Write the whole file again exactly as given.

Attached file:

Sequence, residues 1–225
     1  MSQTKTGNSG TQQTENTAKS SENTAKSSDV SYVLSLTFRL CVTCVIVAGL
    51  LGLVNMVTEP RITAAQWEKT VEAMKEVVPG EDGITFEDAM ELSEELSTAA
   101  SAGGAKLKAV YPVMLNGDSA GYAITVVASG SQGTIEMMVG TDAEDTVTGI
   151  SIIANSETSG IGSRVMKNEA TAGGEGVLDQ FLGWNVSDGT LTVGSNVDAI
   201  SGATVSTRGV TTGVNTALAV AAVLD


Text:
Sequence, residues 1–225
     1  MSQTKTGNSG TQQTENTAKS SENTAKSSDV SYVLSLTFRL CVTCVIVAGL
    51  LGLVNMVTEP RITAAQWEKT VEAMKEVVPG EDGITFEDAM ELSEELSTAA
   101  SAGGAKLKAV YPVMLNGDSA GYAITVVASG SQGTIEMMVG TDAEDTVTGI
   151  SIIANSETSG IGSRVMKNEA TAGGEGVLDQ FLGWNVSDGT LTVGSNVDAI
   201  SGATVSTRGV TTGVNTALAV AAVLD